One of the tricky pieces of being single and a parish priest is finding a life outside the church. In Benedictine style, I’ve found that I have to be very intentional to make sure that all parts of my life are lived in balance.
Early in my days in ordained ministry, I made a “first on the calendar” rule. Unless there was an outstanding reason otherwise, whatever appointments I made first were the ones I kept–no changing at the last minute for some more attractive opportunity. I learned early that I had to schedule “me” appointments or something that seemed more pressing would override times for fun and rest.
One of the appointments I am religious (no pun intended) about keeping is a day of Sabbath each week. I also take every day of vacation, every day of continuing ed, and every day of spiritual development that is part of my ministry agreement with St. Mary’s. This was rather novel for the parish in the beginning days of our life together. No rector had ever done that before. I am now largely told (though I’m sure some people would rather I were around all the time) that the parish appreciates the way I take care of myself. I am told that the parish knows that they can only be as healthy as I am.
One of ways I care for myself is my monthly book group. Several years ago a friend and I decided to start the group. We were an interesting assortment of women from the beginning because she and I traveled in different circles. We are very loosely organized–choosing books only a couple of months ahead and the same for whose home will host the group.
The top shelf of the bookcase in my bedroom is now full with the books that we’ve read over the past three years. I love looking at those books because many are ones I’d have never read if someone in the book group hadn’t offered it as a monthly suggestion.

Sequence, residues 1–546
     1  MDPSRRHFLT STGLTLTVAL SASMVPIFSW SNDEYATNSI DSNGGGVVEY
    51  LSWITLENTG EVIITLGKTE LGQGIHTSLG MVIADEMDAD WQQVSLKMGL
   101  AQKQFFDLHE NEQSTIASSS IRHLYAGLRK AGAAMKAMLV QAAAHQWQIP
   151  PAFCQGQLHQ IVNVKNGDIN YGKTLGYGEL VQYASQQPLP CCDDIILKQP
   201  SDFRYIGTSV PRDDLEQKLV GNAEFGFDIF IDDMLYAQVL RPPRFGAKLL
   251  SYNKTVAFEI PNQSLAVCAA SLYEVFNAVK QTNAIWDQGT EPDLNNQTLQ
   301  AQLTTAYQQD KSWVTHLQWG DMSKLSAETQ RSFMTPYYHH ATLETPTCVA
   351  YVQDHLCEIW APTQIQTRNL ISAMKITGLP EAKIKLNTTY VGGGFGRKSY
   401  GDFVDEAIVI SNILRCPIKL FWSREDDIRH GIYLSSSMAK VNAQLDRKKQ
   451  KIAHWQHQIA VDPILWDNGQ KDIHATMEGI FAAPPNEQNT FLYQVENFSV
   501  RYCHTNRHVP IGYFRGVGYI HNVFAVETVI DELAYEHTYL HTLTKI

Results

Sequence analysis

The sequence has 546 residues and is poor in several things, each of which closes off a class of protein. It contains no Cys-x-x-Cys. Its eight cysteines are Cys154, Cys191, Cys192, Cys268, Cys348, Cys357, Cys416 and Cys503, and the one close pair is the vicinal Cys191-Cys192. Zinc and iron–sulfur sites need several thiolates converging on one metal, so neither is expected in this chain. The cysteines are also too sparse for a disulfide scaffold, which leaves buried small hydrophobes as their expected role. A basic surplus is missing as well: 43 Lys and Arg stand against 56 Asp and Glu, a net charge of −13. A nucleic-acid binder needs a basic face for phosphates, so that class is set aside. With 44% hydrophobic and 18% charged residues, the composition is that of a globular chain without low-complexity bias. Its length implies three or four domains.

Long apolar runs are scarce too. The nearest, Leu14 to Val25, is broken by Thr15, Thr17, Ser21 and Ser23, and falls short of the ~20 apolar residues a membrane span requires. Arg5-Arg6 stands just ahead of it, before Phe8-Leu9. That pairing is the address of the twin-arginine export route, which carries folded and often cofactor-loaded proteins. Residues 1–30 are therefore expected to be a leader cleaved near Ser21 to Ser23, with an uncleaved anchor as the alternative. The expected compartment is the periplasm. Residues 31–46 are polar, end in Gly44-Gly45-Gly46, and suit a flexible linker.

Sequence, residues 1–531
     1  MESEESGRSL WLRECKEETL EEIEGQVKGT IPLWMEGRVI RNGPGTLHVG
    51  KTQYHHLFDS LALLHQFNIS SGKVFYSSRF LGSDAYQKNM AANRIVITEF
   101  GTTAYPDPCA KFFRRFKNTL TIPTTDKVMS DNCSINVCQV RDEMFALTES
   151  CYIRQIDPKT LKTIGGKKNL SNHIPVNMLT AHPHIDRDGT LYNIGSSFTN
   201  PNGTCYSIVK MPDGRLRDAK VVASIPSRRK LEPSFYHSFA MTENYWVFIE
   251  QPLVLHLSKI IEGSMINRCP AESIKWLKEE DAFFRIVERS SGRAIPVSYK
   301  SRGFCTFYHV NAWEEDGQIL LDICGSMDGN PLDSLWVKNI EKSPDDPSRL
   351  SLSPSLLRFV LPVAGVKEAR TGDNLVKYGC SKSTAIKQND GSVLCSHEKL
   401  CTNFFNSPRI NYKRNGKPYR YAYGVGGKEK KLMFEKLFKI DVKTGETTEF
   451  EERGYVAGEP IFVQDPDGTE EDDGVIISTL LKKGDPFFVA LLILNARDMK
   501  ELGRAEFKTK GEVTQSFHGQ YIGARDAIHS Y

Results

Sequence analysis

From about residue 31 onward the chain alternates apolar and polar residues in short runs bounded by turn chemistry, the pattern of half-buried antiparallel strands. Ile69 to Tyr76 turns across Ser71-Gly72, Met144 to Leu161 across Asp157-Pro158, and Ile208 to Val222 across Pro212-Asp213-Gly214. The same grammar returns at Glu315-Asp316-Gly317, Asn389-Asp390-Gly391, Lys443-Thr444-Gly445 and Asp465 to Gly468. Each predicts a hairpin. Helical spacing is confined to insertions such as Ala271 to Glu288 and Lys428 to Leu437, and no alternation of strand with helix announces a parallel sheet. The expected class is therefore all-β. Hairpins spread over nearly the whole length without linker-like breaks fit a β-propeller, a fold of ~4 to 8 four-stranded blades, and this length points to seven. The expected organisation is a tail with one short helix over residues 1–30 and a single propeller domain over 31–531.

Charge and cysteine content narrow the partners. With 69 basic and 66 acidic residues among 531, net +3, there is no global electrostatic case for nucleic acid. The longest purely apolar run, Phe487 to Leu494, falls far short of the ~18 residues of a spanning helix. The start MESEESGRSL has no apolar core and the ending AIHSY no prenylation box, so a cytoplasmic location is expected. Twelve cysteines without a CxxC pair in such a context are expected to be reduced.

I am struck each time we gather that the book group is one of the few activities in my life where we don’t pray aloud as part of our gathering. I noticed it especially this past month when we decided to do something different for our July meeting because we didn’t think we’d have a quorum. We decided to keep our date on the calendar but have dinner together instead.
As six of us sat around the table with salads, pizza, and wine, I saw these women in a new light–a brilliant young woman who works for a nonprofit; a woman from the East Coast who works with people from different cultures helping them to be at home in the United States; a woman who is a pilot and a bit of an entrepreneur; a clinical psychologist; a stay at home mom who has put the same excellence into her parenting that she did into her career. Our three other members, a woman with a Ph.D. who is originally from India; our senior member whose delight for life and intellect is greatly admired; and a church leader and grandmother with great curiosity and a caring heart, were with us in spirit. As we talked about our common lives, I realized that even without the shared experience of reading the same book, we were now friends and a community.
I especially realized this with the words of interest from the group gathered that night about my candidacy for bishop. I would never have imagined their interest and support. One of the great costs of discipleship if I am elected will be leaving these women and our monthly time together. However, they have put the consecration date on their calendars and say they will be having a serious road trip to join me if I am elected.
Our next two books are Olive Kitteridge and The Space Between Us, although our change in schedule has us a bit confused about which is the August book and which is the September, and at whose house were we planning to meet? A series of emails will straighten this out before the second Tuesday of the month.